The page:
This nurturing instinct comes naturally to Tarantino’s closest collaborators: When they’re not reverent peers in awe of his artistry, they’re proud parents in production and post, encouraging his best instincts and saving him from the errors of inexperience. He’s valued that guidance since his former editor, the late Sally Menke, showed him the ropes as they made Reservoir Dogs—a film on which every stage he went through was a first-time trial. “I was this immovable force who could get what I wanted on-screen, but once I got my cut and we locked print, I kind of let go of the handle because I had just accomplished it and was tired,” he recalls. “But we still had color timing and sound mixing to do! Sally took charge and explained all of this stuff to me. If we got something back from the lab and she and I didn’t like it, I wasn’t irate at them. I was just sad that it looked that way. But Sally was like, ‘No! That’s absolutely unacceptable! Send it back! Do it again!’ I felt sorry for the lab people, but Sally knew when to get tough. There was a learning curve, and she actually lead the way by obstinance.”
Tarantino has long professed that an editor is a film’s only other “co-writer.” Menke’s sudden passing from heat-induced exhaustion during a hike in 2010 left him with huge shoes to fill. He liked what he saw in Fred Raskin, an adroit editor of action who had cut three entries in the Fast and the Furious franchise, and recruited him to do the filling. After taking a typical two-to-three-year break between movies, “the first month back in the editing room with Sally would be me just remembering how to do it all,” he says. Raskin embraced that same process when they first teamed up to make Django Unchained, and that made him feel at ease. “Working all day, going home, and then watching the next day’s dailies all through the evening is all about me getting into the rhythm again. Once Fred and I started, we were right in step as storytellers—one foot in front of the other.”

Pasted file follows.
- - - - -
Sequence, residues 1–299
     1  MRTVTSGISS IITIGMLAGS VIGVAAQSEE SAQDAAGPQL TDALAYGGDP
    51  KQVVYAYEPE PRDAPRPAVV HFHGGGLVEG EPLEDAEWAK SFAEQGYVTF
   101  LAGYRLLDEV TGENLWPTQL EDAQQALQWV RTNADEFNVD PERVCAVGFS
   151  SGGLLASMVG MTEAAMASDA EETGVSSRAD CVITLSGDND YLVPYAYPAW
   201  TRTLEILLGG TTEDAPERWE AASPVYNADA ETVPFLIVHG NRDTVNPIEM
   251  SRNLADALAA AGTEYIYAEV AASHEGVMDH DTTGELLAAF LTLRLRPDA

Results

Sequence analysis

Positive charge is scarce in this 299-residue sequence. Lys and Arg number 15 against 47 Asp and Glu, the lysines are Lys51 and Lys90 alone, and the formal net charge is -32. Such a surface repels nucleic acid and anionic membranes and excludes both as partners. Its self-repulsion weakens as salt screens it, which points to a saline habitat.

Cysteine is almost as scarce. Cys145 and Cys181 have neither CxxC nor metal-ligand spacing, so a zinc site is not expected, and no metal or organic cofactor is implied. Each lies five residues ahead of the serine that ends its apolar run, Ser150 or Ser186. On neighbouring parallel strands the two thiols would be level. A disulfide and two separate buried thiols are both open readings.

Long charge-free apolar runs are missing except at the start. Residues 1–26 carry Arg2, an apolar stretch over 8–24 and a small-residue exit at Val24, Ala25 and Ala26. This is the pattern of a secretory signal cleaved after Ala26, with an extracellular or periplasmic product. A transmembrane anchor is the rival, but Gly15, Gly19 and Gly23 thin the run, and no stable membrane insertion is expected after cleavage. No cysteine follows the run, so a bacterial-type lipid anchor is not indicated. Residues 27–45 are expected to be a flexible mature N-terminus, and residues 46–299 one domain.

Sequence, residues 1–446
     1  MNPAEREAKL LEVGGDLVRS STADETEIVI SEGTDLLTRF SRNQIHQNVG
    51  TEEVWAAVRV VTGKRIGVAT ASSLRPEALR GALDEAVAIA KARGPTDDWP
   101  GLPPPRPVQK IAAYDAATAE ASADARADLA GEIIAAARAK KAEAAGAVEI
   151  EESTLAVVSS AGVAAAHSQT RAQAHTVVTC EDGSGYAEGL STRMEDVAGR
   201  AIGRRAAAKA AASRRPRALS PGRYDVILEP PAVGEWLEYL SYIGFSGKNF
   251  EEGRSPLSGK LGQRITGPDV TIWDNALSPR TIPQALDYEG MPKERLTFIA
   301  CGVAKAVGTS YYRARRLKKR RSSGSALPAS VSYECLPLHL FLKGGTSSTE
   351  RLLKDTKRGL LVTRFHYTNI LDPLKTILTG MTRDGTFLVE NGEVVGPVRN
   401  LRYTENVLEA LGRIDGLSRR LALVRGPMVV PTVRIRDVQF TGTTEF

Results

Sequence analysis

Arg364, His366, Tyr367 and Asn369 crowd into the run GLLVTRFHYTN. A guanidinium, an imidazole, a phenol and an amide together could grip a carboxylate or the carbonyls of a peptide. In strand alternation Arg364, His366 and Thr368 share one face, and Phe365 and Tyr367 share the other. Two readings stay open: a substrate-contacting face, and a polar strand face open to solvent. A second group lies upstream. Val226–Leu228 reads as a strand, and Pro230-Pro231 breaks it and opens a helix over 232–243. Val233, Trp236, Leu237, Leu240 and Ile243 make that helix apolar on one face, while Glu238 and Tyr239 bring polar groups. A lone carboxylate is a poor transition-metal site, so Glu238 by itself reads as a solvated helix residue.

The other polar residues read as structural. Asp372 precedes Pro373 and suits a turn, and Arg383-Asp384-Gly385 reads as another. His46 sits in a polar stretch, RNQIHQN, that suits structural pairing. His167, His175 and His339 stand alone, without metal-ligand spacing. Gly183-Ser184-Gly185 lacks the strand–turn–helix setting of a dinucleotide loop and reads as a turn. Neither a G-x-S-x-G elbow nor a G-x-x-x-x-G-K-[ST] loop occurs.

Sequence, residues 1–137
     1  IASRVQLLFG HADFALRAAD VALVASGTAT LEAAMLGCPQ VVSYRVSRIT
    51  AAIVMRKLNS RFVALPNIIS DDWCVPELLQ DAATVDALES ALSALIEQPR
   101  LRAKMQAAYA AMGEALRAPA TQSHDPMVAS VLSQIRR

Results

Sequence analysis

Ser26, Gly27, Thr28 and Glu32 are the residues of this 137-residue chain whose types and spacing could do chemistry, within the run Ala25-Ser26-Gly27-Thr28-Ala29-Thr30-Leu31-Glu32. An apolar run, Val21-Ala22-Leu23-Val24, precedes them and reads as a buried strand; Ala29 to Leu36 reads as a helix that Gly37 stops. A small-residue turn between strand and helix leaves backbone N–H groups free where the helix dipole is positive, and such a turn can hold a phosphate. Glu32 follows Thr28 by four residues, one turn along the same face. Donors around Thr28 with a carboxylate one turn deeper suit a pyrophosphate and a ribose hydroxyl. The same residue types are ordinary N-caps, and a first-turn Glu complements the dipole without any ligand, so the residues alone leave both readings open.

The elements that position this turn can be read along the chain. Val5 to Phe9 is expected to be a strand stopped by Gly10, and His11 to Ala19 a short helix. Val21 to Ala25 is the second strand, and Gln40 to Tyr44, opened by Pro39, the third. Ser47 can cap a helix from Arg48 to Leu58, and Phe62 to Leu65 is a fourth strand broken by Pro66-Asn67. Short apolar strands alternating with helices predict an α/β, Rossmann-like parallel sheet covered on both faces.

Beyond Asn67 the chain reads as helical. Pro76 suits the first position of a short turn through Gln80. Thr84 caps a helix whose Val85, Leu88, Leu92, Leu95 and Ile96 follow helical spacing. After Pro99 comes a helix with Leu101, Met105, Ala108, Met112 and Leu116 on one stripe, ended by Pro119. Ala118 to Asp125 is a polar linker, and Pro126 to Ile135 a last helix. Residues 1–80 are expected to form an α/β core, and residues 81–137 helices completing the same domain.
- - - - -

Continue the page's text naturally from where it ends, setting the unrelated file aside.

Inside and outside of the editing bay, Raskin’s wit and astute eye are two sides of the same coin, Tarantino says fondly. “He’s your favorite of your friends that talk about this week’s new movie. He always brings up something about a movie you saw, and you’re like, ‘Oh yeah, you’re right.’ And, well, that’s a really good eye that he points at my movies! We were just finalizing the cut of Once Upon a Time… in Hollywood, and I said, ‘What if we took out this little thing or that little thing?’ Fred said, ‘Nah, I’m not taking that out.’ I said, ‘Why not?’ And he had this perfect reason not to take it out: ‘I see why you’d want to cut it, but 70 minutes later, when this happens to that character, we won’t feel the same way because we didn’t see this one moment. We could end up feeling the same way—but I wouldn’t risk it.’ That’s invaluable to have.”
When Raskin’s not weighing in critically, he has a way of reassuring Tarantino that the jokes he filmed are landing: “Fred laughs at every funny line in my movie every single time he hears it. We can edit a movie for four months, and every time we play any of those scenes or lines, he’s always had—at the very least—a smile on his face. The fact that he’s constantly amused by the material keeps you constantly amused.”